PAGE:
One caveat with our ivgtt study is that it was conducted under anesthesia because anesthesia elevates the baseline glucose and insulin levels compared with those in behaving animals (Netchiporouk et al., 2001). This could modify the time-course of cellular events that lead to insulin release following glucose injection. Nevertheless, our sham-treated and CIH rats were compared under the same experimental conditions; thus, any differences between the groups must have been related to the exposure to CIH. Furthermore, the major suppression of glucose-stimulated insulin release that we consistently observed in CIH-exposed rats was absent after a period of normal housing and in the losartan-treated rats. Thus, while the anesthetic might have modified the time-course and magnitude of glucose and insulin changes during the ivgtt, we were able to uncover a distinct impairment of insulin release that was directly related to the exposure to CIH.
Reduced Counter-Regulatory Response to Glucose Load in CIH Rats
When challenged with a glucose load, our CIH rats had a precipitously reduced second phase of insulin response, a reduction that was also significant after correction for the slightly lower baseline insulin levels. In humans, a reduced compensatory response to glucose load better distinguishes between potentially diabetic and non-diabetic individuals than the baseline glucose and insulin values (Bagdade et al., 1967). Thus, our findings from the ivgtt tests suggest that CIH altered the mechanisms of insulin release in a manner that would put the CIH rats at risk of prolonged hyperglycemia under conditions of elevated sugar intake.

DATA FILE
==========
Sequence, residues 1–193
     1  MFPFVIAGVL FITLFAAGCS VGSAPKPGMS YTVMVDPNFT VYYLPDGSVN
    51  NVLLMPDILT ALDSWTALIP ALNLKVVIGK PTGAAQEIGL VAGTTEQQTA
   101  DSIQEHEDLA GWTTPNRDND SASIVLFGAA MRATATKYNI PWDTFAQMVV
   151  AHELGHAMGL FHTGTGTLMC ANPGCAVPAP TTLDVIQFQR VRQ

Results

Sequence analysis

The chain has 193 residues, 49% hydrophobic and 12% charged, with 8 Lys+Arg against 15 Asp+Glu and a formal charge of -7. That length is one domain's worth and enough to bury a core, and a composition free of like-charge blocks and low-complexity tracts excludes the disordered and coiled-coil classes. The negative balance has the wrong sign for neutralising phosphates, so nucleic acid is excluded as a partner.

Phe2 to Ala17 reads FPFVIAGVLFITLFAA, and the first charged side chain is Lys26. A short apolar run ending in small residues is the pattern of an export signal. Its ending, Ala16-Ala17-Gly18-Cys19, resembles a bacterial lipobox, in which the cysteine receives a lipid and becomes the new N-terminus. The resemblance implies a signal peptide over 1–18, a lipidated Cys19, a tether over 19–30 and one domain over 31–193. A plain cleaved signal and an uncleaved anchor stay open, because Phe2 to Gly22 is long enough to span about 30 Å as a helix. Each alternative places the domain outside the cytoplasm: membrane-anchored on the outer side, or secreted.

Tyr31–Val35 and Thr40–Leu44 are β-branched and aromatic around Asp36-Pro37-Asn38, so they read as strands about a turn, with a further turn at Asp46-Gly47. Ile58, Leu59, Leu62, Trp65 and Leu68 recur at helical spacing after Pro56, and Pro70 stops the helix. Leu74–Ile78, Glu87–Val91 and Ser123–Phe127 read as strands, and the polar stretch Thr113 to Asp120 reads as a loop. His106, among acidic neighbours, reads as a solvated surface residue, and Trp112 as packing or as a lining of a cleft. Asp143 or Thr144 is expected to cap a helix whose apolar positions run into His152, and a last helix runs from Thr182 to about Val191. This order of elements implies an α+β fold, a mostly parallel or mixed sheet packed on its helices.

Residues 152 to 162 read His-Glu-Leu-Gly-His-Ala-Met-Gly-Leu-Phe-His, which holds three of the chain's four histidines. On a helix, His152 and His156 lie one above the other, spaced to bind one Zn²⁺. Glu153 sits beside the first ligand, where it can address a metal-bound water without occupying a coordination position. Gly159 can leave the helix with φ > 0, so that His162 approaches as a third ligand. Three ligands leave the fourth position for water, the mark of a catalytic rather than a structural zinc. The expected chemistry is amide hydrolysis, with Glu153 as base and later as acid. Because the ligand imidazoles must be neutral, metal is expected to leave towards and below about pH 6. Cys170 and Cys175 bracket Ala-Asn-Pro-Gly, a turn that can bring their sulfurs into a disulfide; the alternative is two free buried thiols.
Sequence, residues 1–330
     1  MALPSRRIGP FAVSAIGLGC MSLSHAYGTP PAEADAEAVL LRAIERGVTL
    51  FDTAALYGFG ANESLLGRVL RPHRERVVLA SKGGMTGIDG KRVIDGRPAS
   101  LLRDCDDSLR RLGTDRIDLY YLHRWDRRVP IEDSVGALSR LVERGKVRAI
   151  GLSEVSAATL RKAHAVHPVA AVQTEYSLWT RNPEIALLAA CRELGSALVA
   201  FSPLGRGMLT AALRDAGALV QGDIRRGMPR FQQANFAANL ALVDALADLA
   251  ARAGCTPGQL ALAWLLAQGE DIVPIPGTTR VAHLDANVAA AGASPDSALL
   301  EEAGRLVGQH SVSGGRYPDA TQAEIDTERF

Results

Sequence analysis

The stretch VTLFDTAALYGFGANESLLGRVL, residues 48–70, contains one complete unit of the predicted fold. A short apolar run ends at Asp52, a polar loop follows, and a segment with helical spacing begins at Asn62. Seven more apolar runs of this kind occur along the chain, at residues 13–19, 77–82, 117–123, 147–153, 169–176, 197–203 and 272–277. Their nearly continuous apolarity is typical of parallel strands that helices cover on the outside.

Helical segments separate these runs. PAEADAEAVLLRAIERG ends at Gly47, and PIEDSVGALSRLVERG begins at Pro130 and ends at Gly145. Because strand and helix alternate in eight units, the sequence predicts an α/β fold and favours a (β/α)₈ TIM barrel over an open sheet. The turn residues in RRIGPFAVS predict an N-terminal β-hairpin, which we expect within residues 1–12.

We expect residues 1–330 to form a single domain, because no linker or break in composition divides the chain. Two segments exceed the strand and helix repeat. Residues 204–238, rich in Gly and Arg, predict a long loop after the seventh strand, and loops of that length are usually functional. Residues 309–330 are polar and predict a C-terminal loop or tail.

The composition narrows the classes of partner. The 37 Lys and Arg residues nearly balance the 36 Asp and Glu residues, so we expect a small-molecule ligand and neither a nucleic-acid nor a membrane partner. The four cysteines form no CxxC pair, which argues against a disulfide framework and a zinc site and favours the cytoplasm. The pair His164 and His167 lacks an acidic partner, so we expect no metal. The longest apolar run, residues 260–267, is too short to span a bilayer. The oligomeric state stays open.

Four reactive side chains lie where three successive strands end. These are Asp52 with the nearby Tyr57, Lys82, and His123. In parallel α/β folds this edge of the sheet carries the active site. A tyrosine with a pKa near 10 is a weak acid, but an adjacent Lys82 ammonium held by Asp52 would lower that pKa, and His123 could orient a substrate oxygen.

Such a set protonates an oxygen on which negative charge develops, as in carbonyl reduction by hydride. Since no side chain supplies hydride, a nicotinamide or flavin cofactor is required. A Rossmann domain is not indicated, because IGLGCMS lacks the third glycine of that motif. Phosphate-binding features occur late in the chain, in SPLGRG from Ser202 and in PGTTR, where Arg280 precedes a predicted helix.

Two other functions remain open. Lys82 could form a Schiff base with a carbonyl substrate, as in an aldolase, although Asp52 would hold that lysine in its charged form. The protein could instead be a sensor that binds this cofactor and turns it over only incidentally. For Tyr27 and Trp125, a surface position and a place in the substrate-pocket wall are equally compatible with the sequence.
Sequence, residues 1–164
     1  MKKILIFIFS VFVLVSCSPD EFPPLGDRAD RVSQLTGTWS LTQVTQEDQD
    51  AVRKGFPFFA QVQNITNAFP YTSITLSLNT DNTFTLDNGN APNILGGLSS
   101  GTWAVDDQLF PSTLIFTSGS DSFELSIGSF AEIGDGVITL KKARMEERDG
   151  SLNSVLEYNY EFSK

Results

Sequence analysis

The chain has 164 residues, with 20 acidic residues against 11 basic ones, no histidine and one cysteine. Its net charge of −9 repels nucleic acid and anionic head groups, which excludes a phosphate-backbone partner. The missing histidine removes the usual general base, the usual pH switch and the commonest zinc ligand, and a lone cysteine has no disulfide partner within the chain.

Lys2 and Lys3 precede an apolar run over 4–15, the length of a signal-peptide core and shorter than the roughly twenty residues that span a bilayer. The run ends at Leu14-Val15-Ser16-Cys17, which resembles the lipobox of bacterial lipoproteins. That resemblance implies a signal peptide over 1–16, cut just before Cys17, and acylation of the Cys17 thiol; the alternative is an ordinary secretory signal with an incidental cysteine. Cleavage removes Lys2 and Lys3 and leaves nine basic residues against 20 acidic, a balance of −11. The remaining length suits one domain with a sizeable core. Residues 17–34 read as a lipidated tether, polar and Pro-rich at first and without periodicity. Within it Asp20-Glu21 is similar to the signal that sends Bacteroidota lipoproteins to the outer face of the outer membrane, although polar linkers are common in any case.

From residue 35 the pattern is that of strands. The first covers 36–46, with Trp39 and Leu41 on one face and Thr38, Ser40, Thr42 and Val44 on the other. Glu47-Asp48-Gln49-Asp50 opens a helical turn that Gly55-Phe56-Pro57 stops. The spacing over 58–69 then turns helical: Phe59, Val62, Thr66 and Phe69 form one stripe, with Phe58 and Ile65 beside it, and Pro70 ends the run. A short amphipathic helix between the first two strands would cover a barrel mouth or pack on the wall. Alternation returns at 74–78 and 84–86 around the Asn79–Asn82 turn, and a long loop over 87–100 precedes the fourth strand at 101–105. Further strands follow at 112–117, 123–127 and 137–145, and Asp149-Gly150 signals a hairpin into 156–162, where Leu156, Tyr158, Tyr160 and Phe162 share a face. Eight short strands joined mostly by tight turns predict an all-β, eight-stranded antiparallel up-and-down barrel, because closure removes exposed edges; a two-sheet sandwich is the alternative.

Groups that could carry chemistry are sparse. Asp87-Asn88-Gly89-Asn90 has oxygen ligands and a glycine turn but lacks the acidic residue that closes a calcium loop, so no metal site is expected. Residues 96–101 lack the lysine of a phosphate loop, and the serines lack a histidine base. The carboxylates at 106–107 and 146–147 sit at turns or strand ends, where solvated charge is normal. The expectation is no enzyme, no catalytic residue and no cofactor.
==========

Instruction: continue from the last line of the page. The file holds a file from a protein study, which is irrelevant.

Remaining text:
Our results are different from those with CIH exposures of lean and leptin-deficient (obese) mice (Polotsky et al., 2003; Li et al., 2005). In those studies, following 5-day exposures, both the lean and obese mice had reduced fasting glucose levels, whereas insulin levels were increased in the obese but unchanged in the lean animals. Under the same conditions, both lean and obese mice exposed to either CIH or sham treatment had a significant decrease of body weight and reduced food intake. In addition, the lean mice exhibited signs of hyperlipidemia (Li et al., 2005), which was then found to also occur following 4-week exposures to severe (O2 nadir of 5%), but not moderate CIH (Li et al., 2007). After 5-day exposures, both normal and leptin-deficient mice had improved glucose clearance during an intraperitoneal glucose-tolerance test. Thus, they did not exhibit the insulin resistance found in lean mice acutely subjected to CIH for 9 h and then tested during the exposure (Iiyori et al., 2007). In contrast, substantially longer (12 weeks) exposures yielded outcomes that were more compatible with our study (Polotsky et al., 2003). Lean mice exposed to either CIH or sham treatment for 12 weeks had similar body weight gains and food consumption, and the fasting glucose levels tended to be higher in the CIH than control animals, but the glucose responsiveness of these mice was not tested. Thus, considering that lean and obese mice responded differently to glucose load after 5 days of exposure, the effect of long-term exposure of normal animals on glucoregulation could not be inferred from that study.